The 500 is a good choice for a starter bike. It's a parallel twin, not an I-4. The 600 sportbikes make about twice the power of that 500, and are otherwise much more difficult to handle. The 500 is probably a better choice for overall transport, as it will handle highways better than the 250. The 250 is adequate, though.

PhilB
 
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Discussion Starter #27
I plan to go take a look at at least one of these bikes this weekend. What should I be looking for? When buying used cars, I usually take them to a shop and pay for a mechanic to look it over after inspecting it myself. I get the feeling I can't really do that when shopping for a bike, as motorcycle shops aren't as common.
 

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The other thing if every day riding is your thing is a largish capacity scooter around 150cc plus, lots of storage reasonable weather protection cheap tyres etc.

No one has mentioned it yet but done any training MSF course etc?

What to look out for a bike general wear and tear damaged frames and swingarms as they will next to impossible to sell again. Bikes that have been patched up after a fall most people don't replace bar ends and leavers so they will most likely be rashed up there. Leaks around forks and the like may be a sign of wheelies and general abuse condition of the chain is it at a constant tension as you roll the bike forward if it has tight and loose spots then its shagged and will need replacing. Blowing smoke service history etc.
 

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yes, you definitely have to be dedicated. i got my car in a wreck that put it in the body shop for almost 3 months (March thru end of may) in South Dakota. i rode to work everyday and only needed a ride home after work once cause a snow storm came up. i actually LOVED riding every day. I will admit that i got lucky cause most of the bad weather happened on the weekend. the coldest i rode to work was 20. the worst was sleet, 35 degrees, 40mph winds with gusts up to 60. now THAT was dicey. still made the 15 mile trek without too much trouble.

yep, you gotta really wanna ride to endure riding everyday no matter the weather or situation. some bikes are better for it, others..... not so much. and the gear... better to have it before you need it than after ya need it. BTDT.

i have to admit tho, riding year round definitely made my tires last a lot longer. 13k on Avons on he Busa. WOOT.
 

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I hate driving a car in the rain twice as much as I hate driving a car when it is not raining. When it rains it just means you'll be stuck in the cage even longer.

Bikes do not cost more in maintenance mile for mile than a car. A Ninja 250 will basically set you back 335 dollars in chains and tires for... 32K miles (I'm counting two rear tires, one front and a set of chain and sprockets). Add two iridium sparkplugs, which will have to be replaced... Same time as the engine goes, oil changes, brake pads and... That's about it. In between there it will need to have the valves adjusted, which are easily done and there are hundreds of tutorials out there.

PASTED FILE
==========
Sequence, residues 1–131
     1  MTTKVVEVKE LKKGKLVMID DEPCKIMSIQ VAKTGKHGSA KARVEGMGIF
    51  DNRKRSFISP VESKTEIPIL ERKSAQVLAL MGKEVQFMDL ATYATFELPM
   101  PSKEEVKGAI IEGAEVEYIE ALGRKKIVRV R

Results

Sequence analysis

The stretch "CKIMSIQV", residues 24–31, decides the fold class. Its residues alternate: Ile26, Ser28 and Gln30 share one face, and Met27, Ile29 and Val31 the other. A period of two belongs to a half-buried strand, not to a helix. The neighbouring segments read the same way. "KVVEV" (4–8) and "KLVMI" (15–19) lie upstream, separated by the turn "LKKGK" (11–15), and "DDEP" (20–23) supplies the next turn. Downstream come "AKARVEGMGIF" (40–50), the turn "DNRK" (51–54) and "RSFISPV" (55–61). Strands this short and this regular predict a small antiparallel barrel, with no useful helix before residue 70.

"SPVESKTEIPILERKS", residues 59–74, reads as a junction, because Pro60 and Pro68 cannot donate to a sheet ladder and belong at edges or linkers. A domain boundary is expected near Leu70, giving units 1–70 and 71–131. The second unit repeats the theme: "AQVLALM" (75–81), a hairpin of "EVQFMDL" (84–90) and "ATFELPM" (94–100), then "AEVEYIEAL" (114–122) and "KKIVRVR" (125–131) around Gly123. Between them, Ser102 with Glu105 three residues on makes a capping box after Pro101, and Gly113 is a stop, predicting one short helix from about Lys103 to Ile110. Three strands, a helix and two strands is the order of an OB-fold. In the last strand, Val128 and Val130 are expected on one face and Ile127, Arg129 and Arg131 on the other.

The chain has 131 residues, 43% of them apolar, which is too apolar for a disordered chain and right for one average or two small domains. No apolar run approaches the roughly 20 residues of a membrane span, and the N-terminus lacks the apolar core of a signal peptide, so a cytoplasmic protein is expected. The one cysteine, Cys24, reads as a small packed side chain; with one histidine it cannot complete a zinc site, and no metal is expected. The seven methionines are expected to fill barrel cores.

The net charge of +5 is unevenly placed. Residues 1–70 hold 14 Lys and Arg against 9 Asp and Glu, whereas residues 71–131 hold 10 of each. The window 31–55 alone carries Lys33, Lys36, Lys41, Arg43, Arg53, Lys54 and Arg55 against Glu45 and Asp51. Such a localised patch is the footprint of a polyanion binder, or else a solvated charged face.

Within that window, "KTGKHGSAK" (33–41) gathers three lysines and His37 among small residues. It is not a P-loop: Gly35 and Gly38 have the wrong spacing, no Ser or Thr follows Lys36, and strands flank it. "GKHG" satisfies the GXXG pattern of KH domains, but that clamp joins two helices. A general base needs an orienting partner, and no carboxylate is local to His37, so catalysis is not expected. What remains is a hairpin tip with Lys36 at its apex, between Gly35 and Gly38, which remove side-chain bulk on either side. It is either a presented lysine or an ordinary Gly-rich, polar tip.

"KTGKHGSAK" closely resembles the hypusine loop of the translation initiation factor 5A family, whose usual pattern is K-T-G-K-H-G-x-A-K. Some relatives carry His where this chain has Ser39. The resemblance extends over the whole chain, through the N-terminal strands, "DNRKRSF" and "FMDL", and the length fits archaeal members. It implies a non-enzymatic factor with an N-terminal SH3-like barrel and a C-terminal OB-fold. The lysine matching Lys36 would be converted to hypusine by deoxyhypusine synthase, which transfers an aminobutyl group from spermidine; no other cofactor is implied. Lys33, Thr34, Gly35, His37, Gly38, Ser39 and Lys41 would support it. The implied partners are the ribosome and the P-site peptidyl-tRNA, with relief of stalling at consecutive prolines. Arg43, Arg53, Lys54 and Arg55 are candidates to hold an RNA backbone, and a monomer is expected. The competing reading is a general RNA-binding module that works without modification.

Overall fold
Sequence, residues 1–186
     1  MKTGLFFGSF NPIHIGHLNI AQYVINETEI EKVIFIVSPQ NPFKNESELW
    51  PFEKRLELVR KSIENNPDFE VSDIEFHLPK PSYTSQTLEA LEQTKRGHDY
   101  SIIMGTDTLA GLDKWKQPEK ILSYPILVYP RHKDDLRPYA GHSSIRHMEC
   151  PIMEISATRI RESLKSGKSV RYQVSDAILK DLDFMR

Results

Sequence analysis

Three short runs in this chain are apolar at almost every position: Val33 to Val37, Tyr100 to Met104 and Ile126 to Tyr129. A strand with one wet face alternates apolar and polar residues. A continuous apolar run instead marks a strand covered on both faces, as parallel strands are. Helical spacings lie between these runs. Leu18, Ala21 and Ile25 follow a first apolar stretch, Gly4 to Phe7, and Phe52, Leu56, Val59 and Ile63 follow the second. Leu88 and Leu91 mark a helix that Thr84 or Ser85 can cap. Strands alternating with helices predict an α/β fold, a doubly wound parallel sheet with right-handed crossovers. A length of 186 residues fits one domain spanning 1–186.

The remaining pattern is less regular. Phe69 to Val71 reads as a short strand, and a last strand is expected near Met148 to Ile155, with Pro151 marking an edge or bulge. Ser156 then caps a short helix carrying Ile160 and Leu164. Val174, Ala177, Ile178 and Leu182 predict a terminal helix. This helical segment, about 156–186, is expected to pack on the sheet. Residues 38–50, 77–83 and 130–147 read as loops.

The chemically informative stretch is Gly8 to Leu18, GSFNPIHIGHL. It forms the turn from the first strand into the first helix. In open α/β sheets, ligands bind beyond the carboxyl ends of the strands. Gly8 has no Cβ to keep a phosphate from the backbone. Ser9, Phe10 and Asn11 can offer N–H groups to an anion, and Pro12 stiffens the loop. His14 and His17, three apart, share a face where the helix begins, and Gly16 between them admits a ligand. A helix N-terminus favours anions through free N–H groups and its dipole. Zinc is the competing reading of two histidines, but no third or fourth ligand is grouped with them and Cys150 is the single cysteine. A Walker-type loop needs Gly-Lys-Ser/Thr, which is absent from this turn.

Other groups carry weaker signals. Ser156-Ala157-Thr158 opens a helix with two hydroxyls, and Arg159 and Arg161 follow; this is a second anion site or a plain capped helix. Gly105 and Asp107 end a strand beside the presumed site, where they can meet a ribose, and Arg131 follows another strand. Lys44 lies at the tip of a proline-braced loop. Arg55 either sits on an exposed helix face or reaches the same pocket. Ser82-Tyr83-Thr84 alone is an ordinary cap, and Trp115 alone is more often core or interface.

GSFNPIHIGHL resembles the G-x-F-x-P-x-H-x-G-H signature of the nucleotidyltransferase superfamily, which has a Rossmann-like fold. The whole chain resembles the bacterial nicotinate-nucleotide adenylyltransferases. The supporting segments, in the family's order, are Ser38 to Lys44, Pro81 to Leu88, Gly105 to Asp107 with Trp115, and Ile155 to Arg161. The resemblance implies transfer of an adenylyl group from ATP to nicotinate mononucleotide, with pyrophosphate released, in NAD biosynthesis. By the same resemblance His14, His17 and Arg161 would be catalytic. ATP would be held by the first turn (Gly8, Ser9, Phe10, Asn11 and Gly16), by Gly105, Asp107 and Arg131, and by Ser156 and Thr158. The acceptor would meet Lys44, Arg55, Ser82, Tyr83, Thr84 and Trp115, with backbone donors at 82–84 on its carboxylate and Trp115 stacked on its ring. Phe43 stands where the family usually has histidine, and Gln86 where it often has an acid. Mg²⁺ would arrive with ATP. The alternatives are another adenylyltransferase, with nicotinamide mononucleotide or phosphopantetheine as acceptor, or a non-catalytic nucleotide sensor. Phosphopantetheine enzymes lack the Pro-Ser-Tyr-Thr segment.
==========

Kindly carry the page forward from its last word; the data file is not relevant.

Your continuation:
By that time the Ninja will have also saved a lot of money in gas and parking.

Add $350 in gear and you're all set.-

This only applies for the ninja 250 and 500. A regular sportbike is just as expensive to run as most cars. Maybe not a sports car, but a run of the mill sedan? Absolutely.


And of course you hate driving in the rain more than driving when it's not raining. Nobody LIKES driving in the rain. But I'll take driving in rain ANY day over riding in the rain. Unless it's like the middle of summer and raining in the afternoon. But this time of year? yeah, riding in the rain sucks.

But more than that- getting CAUGHT in the rain on your bike when you don't have your rain gear? THAT sucks.

Also- there's no way you can get enough gear to ride in every season for 350 bucks. No flipping way. You be hard-pressed to get a decent helmet (200 bucks) and jacket (150 bucks) at that price. I mean, you CAN find stuff cheaper, but not a whole lot. And not stuff for 4 seasons.
 

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Riding in all types of conditions will make you a better experienced rider. My stryker that I bought in January of this year was my only transportation for just about the majority of the year. It was my first bike too. I did have to borrow a car from time to time but it hardly ever gets too rough here in SoCal. I actually enjoy riding in the rain as long as it's not too crazy. Light rain is much more enjoyable than a super hot summer day. I think 90% of riders out here are terrified of rain, rather, any type of imperfect weather. I like to think that I'm above most 'weekend/perfect weather' riders who have been riding for years compared to my 1 year of riding just about every single day. You learn best with experience afterall.